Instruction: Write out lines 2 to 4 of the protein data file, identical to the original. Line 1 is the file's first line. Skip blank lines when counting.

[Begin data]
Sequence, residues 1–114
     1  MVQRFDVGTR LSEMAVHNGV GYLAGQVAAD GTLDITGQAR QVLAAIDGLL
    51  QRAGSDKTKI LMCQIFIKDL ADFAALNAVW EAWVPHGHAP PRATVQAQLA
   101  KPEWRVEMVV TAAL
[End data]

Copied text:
     1  MVQRFDVGTR LSEMAVHNGV GYLAGQVAAD GTLDITGQAR QVLAAIDGLL
    51  QRAGSDKTKI LMCQIFIKDL ADFAALNAVW EAWVPHGHAP PRATVQAQLA
   101  KPEWRVEMVV TAAL